While collaboration can be beneficial, it is also possible to “over-collaborate.” Keeping sight of who you are and what you’re passionate about is valuable and should be protected. You have to be willing to compromise and let go of a few things certainly, but if you let go too much, fragmentation and frustration will set in. We should create and support opportunities for collaborative work but respect and nurture individual work as well. Both are valuable and should be nurtured since both are part of our human make-up. As Susan Cain (2012) observes, “Most humans have two contradictory impulses: we love and need each other, yet we crave privacy and autonomy.”
There were times when I felt uncomfortable as my students struggled (and complained), but I was reminded that the struggle was the most important part of their learning and led to their incredible sense of accomplishment. Rigor, in this case, became less about the product and more about the process, the decisions we all made together in moving forward through a difficult project. And after each small accomplishment, after each decision that resulted in forward progression or a lesson learned, there was joy. Having a partner to go through this process with kept me on track and helped me keep my eye on the end goal.
Sounds obvious, I know. But as in any healthy relationship, these two things are crucial. Trust needs to be established between partners if they are going to feel comfortable stepping out of their comfort zone and have uncomfortable discussions as they negotiate through the collaboration. This trust is built through open, honest dialogue, vulnerability, and generosity. In addition, being open to new ideas and being flexible without losing sight of your goals (or maybe even rethinking some of your goals) will allow for more innovation and creativity. By constantly checking in with each other, sharing our observations, and voicing our concerns and fears, we were able to make adjustments when they were needed.
This trust and communication is also important in creating a safe, stable structure for students to work and push their own boundaries.Though sharing their work made some feel vulnerable, in groups where members thoughtfully critiqued their classmates stories and communicated their feedback in a helpful, specific, and kind way, great trust was built and group members felt comfortable pushing each other and being pushed. And through the open conversations I had with my students, soliciting their feedback and listening to their concerns, making myself vulnerable and acknowledging mistakes, a great supportive classroom culture was developed and spilled over into their next writing project.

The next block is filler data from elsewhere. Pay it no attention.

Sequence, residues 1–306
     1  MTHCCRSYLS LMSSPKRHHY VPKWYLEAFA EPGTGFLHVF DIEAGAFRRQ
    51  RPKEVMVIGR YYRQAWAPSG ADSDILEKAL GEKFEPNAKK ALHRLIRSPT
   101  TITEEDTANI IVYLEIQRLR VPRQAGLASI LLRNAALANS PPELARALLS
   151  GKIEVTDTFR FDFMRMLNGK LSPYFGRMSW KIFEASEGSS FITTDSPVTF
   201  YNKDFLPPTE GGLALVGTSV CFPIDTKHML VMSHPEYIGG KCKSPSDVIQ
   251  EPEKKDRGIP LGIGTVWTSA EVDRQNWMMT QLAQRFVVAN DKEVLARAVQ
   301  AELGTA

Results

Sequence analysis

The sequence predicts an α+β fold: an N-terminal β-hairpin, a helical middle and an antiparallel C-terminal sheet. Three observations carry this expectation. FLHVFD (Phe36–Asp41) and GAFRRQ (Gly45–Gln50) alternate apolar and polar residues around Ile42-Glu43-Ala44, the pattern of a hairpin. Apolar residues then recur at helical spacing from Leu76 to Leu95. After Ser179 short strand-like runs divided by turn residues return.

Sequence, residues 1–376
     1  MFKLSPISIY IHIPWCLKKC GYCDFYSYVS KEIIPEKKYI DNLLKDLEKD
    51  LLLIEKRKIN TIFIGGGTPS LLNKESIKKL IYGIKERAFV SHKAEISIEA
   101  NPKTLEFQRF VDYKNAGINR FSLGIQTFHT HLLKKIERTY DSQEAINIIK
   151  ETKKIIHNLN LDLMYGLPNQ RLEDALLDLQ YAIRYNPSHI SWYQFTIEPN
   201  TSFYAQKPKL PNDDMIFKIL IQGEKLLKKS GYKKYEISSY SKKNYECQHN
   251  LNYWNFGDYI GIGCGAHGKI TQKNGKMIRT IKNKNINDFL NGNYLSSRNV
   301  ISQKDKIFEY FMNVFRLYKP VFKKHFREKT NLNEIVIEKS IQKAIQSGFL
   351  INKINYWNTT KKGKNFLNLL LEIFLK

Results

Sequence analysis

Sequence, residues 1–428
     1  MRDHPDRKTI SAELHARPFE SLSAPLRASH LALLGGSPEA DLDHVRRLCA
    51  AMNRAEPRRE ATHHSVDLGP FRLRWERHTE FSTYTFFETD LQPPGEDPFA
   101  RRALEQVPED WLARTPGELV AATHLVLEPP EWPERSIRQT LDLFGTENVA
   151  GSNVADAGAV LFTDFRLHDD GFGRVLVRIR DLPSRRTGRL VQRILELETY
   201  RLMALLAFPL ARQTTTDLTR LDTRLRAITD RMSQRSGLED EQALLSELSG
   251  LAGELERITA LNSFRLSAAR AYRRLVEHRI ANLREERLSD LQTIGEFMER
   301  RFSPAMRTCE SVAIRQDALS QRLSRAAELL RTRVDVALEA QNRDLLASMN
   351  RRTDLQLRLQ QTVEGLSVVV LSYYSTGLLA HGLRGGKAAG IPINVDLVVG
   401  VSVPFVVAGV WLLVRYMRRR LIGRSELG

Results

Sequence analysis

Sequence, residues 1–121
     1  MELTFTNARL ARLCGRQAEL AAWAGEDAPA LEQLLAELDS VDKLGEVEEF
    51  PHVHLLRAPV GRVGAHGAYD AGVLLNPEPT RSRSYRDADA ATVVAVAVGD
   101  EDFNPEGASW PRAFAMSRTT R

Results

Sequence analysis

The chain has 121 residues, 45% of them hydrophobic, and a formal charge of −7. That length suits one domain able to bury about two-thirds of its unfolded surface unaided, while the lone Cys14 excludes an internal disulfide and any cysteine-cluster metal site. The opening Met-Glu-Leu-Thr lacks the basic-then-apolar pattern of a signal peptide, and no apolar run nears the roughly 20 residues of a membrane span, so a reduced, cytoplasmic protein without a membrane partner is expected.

Change is unnerving because we like the “familiar”—but we also lose out on incredible opportunities for growth when we avoid change. Opening up our classrooms and curriculum can be scary. We’re afraid of judgment, loss of control, and failure. It’s so much safer to retreat into our classrooms and have control of our little kingdoms. Safer, perhaps, but less interesting, fulfilling, energizing, or exciting.
Letting go of some of our content can also be unnerving. We feel the pressure and the responsibility of the task before us. We want to equip our students to succeed in their future educational and career goals. And right now, our culture tells us that passing tests is the best way to do that. But reality tells us something different. Ultimately our students are better prepared for the challenges ahead if they are critical thinkers, if they are resilient, if they are innovative and if they can clearly communicate. And tests don’t measure that. Working with another teacher on an integrated project is one way to develop these qualities. So we have to be willing to let go of some (not all) of our content if we’re going to open up to less conventional ways of teaching those skills than what we may be used to.